Maryam Haider ◽  
Ather Iqbal ◽  
Arham Ihtesham ◽  
Waleed Inayat Mohamed ◽  

Objective: Despite remarkable progress in scientific methods and measures against infectious disease transmission, the prevalence of infectious diseases is still on the rise in resource-poor countries. Hand hygiene is considered an effective way of fighting against deadly infectious diseases. Our study aimed to assess knowledge, attitude, and hand hygiene practices among mothers of children presenting for routine paediatric check-up in the department of paediatrics in a tertiary care hospital of Rawalpindi.Materials and Methods: It’s a descriptive cross-sectional study involving 400 mothers from the paediatric department of the Holy family hospital (HFH), Rawalpindi. A convenient sampling technique was used to select the study participants. A semi-structured, pre-tested questionnaire that included demographic details, knowledge, attitude, and practice levels were assessed through validated questionnaires used in previously published studies. Descriptive statistics were used for demographic details and chi-square analysis was used to find an association between handwashing practice with knowledge and attitude. A P<0.05 was taken as significant. Data analysis was done through SPSS.v.23.Results and Discussion: In total, 400 females participated in the study and the mean age (±SD) was 32.4±10.2 years. The mean age of children was 31.2±12.2 months. The level of good handwashing knowledge and attitude was 93% and 60% respectively. However, the level of good handwashing practice was just 40%. The age of mothers, residential area, occupation, socioeconomic status, and the level of knowledge regarding handwashing, showed significant association with handwashing practices.Conclusion: In our study handwashing practice among mothers was relatively low. Age of mothers, residential area, occupation, socioeconomic status, and the level of knowledge regarding handwashing, were significantly associated with handwashing practices.International Journal of Human and Health Sciences Vol. 05 No. 04 October’21 Page: 418-423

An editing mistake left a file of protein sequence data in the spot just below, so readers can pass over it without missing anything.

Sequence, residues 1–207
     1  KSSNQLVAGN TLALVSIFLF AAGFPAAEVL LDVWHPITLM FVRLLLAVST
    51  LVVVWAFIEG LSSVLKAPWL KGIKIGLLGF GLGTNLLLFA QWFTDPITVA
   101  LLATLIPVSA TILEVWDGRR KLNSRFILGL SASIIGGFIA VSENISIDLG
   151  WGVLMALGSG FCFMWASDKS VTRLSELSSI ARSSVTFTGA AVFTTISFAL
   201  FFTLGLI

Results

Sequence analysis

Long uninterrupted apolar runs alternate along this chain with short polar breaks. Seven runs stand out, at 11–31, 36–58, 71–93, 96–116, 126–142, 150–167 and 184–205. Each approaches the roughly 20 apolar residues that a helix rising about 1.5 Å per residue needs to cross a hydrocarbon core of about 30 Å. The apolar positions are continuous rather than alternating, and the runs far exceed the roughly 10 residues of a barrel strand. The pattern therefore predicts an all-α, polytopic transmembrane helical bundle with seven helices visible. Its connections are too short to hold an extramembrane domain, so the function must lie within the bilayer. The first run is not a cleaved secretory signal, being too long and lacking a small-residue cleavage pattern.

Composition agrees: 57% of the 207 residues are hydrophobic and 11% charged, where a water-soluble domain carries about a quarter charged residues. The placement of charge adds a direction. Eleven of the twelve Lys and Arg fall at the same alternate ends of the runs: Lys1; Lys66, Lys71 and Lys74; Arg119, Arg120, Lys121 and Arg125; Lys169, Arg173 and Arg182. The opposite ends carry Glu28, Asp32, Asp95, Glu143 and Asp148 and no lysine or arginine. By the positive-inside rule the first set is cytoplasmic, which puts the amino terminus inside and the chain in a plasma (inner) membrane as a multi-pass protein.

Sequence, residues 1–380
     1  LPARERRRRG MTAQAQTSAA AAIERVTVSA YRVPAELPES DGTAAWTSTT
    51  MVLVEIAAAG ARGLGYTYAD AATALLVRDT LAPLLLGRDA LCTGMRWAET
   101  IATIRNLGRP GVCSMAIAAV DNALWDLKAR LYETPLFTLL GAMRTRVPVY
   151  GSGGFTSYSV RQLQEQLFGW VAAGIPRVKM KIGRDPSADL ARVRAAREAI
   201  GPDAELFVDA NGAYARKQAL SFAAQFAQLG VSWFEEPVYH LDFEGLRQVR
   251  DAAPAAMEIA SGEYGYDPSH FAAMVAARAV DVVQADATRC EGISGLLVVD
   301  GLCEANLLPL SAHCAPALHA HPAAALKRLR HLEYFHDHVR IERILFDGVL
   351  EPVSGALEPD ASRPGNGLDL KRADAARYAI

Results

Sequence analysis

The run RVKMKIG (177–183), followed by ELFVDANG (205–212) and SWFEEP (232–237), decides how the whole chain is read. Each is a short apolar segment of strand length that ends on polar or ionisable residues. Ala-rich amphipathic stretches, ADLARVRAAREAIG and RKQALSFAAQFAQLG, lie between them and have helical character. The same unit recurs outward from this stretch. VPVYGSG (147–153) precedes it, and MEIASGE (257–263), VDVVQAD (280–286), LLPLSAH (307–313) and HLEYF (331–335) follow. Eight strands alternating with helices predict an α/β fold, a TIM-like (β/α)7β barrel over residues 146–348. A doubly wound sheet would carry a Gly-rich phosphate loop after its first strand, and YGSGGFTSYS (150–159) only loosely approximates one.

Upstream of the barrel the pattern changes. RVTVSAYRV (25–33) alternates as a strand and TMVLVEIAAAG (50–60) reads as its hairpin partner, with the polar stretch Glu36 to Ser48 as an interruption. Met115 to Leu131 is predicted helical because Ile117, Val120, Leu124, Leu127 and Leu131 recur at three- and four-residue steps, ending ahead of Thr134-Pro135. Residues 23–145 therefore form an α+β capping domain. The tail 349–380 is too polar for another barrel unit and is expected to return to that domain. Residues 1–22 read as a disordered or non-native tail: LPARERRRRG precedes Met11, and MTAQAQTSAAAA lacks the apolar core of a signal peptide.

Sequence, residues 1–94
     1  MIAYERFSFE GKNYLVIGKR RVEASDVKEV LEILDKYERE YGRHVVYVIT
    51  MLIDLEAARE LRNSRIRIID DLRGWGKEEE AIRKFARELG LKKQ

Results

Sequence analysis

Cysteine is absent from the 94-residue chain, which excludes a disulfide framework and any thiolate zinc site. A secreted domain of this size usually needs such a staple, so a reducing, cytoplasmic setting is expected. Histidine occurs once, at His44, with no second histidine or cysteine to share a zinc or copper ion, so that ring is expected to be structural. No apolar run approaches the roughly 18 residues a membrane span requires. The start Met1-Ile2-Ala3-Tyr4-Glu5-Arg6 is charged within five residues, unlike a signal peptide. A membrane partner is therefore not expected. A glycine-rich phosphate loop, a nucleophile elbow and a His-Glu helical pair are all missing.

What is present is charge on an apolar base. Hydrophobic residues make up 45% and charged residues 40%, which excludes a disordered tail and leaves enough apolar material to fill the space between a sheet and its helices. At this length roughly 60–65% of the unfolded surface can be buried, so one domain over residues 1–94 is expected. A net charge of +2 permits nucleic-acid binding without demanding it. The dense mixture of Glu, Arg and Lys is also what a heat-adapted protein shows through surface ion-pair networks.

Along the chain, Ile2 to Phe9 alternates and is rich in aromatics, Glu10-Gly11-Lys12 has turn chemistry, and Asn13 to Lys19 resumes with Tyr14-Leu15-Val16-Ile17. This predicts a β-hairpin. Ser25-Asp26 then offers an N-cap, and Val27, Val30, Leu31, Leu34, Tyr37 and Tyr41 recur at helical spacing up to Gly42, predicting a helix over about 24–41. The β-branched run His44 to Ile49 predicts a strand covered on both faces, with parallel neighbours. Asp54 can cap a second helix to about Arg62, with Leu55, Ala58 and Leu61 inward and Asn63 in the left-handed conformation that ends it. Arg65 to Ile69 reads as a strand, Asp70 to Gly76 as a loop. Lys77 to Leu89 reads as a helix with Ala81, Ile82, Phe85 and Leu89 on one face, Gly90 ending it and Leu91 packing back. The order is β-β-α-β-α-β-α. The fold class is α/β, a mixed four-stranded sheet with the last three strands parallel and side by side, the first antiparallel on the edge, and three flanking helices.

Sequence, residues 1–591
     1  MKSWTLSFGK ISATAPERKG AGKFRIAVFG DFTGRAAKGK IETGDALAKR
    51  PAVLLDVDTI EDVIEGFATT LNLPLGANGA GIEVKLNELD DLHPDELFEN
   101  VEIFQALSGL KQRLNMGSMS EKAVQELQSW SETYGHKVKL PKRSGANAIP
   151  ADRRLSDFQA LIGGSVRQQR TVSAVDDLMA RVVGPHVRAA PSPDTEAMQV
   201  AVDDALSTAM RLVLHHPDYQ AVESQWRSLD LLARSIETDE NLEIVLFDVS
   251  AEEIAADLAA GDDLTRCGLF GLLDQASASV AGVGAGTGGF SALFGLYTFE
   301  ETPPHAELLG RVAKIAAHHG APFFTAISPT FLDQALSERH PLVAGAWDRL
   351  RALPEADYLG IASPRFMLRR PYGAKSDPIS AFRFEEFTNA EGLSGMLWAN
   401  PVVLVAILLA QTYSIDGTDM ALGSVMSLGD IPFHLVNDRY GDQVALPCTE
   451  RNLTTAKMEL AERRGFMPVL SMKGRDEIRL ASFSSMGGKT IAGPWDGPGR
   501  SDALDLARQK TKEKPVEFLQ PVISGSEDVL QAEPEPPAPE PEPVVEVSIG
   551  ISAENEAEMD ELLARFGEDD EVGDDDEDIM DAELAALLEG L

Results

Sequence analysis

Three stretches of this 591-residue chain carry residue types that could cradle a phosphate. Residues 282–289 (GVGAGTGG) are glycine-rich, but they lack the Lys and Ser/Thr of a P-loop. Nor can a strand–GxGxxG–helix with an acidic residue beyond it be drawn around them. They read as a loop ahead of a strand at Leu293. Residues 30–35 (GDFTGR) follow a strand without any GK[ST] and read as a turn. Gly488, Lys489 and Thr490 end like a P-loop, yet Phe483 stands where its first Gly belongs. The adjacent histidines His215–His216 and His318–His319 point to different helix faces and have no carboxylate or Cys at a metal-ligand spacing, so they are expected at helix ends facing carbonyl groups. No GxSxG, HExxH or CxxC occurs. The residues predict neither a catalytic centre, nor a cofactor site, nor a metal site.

2021 ◽  
Vol 6 (3) ◽  
pp. 136
Petros Ioannou ◽  
Stamatis Karakonstantis ◽  
Anna Mathioudaki ◽  
Angelos Sourris ◽  
Vasiliki Papakosta ◽